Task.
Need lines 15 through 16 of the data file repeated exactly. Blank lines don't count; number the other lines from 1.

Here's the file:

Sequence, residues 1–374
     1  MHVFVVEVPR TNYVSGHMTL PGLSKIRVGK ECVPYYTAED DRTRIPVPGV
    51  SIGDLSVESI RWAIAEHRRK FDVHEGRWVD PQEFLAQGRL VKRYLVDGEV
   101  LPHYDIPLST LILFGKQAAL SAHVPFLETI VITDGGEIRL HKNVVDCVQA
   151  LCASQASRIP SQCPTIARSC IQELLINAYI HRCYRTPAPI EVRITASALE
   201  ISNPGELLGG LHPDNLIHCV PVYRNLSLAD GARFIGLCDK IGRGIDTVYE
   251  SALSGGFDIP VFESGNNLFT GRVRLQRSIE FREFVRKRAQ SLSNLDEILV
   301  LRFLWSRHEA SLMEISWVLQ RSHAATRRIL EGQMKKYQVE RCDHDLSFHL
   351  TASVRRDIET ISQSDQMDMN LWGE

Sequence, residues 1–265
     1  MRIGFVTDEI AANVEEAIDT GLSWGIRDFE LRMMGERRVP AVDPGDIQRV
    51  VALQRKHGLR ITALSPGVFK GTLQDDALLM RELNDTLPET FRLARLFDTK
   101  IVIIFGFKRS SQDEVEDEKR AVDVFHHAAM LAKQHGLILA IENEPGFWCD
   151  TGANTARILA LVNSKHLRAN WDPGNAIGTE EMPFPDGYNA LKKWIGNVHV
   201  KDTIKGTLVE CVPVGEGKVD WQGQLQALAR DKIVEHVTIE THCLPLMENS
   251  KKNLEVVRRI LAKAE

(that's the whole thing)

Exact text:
   201  KDTIKGTLVE CVPVGEGKVD WQGQLQALAR DKIVEHVTIE THCLPLMENS
   251  KKNLEVVRRI LAKAE